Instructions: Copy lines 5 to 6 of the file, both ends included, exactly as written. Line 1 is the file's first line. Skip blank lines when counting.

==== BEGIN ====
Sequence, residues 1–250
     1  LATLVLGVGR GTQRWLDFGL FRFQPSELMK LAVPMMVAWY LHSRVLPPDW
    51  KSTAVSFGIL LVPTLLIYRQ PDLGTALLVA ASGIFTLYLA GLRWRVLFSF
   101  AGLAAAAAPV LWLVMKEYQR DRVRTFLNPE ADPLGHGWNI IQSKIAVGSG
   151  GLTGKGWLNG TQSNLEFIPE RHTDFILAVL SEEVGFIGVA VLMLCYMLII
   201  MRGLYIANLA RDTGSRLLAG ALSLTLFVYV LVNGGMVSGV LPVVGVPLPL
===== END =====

   151  GLTGKGWLNG TQSNLEFIPE RHTDFILAVL SEEVGFIGVA VLMLCYMLII
   201  MRGLYIANLA RDTGSRLLAG ALSLTLFVYV LVNGGMVSGV LPVVGVPLPL